Joe Biden

Here’s the deal: “Sleepy Joe” didn’t doze during his first presidential press conference, an event much-hyped by the press.

America’s oldest president even made a bit of news when he announced the doubling of the vaccination goal to 200M and threw his hat into the ring for the 2024 presidential race.

President Biden dished a bit of levity to the socially distanced crowd of reporters when asked, why he hadn’t set up a re-election campaign, as his predecessor had by this time.

“My predecessor needed to, needed to,” said a laughing Biden. “My predecessor. Oh God, I miss him.”

The president then chided the press for trying to stir things up by focusing on a caged-steel wrestling rematch with Donald Trump.

He said: Oh, come on. I don’t even think about—I don’t—I have no idea. I have no idea if there will be a Republican Party. Do you? I know you don’t have to answer my question, but, I mean, you know, do you?”

Savvy politician that he is, Biden put aside the Trump nonsense and returned to his focus on “working to get things done for the people I care most about, which are hardworking, decent American people who are getting—really having it stuck to them.”

“Sleepy Joe” wants to be known as “Steady Joe.”

That is his ticket to triumph in 2024. So far, so good.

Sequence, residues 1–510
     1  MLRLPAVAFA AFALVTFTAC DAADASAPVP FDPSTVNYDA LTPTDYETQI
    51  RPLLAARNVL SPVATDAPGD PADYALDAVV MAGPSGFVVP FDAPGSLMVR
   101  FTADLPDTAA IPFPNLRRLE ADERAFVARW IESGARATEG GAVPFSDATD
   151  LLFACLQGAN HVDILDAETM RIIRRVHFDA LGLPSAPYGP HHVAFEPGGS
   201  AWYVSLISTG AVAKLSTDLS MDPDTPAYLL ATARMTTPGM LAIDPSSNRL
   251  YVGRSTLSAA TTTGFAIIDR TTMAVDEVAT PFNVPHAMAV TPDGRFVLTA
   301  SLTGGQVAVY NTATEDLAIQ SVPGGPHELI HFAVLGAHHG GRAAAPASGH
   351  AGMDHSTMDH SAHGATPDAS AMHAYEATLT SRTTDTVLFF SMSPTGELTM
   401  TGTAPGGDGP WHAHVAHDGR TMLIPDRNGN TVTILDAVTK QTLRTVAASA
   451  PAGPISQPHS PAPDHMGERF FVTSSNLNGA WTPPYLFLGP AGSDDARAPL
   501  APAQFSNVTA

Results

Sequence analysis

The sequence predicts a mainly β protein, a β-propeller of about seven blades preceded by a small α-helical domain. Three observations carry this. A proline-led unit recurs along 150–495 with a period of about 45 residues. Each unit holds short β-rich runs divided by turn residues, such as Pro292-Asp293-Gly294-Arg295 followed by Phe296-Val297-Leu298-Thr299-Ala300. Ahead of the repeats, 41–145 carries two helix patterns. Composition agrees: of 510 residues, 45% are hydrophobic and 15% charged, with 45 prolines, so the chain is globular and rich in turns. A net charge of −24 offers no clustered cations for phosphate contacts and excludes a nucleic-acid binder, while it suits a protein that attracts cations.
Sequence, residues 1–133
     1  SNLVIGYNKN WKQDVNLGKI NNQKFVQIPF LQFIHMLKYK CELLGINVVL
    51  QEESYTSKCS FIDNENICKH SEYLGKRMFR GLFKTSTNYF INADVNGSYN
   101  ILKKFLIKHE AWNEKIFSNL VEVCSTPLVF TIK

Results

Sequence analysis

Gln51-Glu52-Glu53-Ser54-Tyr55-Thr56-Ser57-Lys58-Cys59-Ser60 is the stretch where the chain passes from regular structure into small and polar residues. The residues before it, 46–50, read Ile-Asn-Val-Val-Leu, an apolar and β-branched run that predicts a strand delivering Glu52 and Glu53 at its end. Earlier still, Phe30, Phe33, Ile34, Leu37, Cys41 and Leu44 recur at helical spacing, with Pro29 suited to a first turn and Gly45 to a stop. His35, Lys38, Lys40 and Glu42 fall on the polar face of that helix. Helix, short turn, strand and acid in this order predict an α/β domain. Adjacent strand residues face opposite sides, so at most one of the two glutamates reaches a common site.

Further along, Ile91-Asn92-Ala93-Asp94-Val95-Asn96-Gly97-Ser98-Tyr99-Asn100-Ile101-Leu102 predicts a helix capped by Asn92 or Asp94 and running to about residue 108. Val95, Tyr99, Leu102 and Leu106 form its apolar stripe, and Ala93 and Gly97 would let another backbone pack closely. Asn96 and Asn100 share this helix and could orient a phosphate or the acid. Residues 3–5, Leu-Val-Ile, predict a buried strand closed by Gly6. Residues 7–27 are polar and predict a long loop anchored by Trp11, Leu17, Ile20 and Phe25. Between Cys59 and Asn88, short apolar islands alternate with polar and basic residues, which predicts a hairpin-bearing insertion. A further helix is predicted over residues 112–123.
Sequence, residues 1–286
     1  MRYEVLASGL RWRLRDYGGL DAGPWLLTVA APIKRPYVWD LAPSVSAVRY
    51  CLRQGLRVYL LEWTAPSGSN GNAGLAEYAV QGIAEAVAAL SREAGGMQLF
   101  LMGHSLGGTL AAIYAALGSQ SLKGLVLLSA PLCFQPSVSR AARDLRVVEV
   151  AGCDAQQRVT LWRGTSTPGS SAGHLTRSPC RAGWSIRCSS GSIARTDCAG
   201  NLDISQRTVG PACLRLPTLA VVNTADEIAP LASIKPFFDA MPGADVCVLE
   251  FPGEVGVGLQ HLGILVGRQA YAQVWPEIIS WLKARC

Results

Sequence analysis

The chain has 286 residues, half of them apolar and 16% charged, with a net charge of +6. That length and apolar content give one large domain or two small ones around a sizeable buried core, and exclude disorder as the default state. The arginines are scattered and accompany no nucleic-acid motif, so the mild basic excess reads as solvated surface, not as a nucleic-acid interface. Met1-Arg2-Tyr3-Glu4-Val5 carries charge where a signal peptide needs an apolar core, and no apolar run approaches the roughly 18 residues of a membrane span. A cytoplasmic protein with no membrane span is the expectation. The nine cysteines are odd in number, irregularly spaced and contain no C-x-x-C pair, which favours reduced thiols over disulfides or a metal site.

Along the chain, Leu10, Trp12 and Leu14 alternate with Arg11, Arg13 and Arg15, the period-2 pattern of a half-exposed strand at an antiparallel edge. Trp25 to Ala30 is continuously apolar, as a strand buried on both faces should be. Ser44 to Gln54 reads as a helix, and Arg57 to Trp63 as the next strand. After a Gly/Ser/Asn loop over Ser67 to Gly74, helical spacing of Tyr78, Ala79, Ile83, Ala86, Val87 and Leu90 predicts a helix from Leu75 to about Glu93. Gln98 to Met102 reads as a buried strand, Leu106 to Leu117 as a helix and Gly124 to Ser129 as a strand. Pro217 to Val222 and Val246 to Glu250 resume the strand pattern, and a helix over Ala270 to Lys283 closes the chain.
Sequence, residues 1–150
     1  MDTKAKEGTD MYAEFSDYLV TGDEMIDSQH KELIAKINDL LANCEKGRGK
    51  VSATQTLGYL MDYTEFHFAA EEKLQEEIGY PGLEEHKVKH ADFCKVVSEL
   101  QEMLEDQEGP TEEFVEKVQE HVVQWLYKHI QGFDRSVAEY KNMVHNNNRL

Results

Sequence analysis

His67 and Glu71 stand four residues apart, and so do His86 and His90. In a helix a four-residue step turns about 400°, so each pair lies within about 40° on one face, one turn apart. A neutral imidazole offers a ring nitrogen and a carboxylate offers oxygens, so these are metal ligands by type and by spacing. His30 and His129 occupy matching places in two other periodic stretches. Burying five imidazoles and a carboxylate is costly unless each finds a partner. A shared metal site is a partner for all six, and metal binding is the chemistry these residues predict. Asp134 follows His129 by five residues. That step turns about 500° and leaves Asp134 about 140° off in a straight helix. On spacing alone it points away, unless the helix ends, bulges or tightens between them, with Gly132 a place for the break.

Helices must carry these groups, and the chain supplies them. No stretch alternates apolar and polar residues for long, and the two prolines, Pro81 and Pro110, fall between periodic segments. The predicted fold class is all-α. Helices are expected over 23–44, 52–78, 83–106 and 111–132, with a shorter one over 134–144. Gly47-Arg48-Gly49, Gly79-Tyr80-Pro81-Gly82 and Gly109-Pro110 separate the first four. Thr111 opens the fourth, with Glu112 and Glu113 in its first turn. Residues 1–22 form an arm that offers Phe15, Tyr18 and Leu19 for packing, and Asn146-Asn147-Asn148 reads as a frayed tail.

President Biden may not miss Trump but my friends at The Intercept, the vital online investigative news outlet, surely do.

In a March 26 fund-raising pitch, The Intercept noted that it is not immune to the financial crisis faced by the journalism industry in the post-Trumpian era.

Here is the pithy pitch:

“Now, after four years of hair-on-fire crisis under Trump, traffic on news websites is declining across the board, and cable news ratings have fallen by as much as one-third.

“Nonprofit news organizations like The Intercept are facing their own unique challenge, as the same cultural trends driving down ratings are also causing a decline in donations.”

Though the need for investigative journalism has grown in importance as more and more newsrooms shrink, new donations to The Intercept are down 50 percent since Trump left office.

More from the pitch: "The daily dumpster fire spectacle of Trump’s White House has ended, but Trump didn’t invent systemic racism or government corruption, and we must continue to root out abuses and hold the powerful to account.’"

Reporter Glenn Greenwald, documentary filmmaker Laura Poitras and investigative journalist Jeremy Scahill launched The Intercept in 2014.

Their goal was to hold the powerful accountable through fearless, adversarial journalism with a focus on surveillance, war, corruption, the environment, technology, criminal justice, and the media.

These should be heady, not tough, times for The Intercept.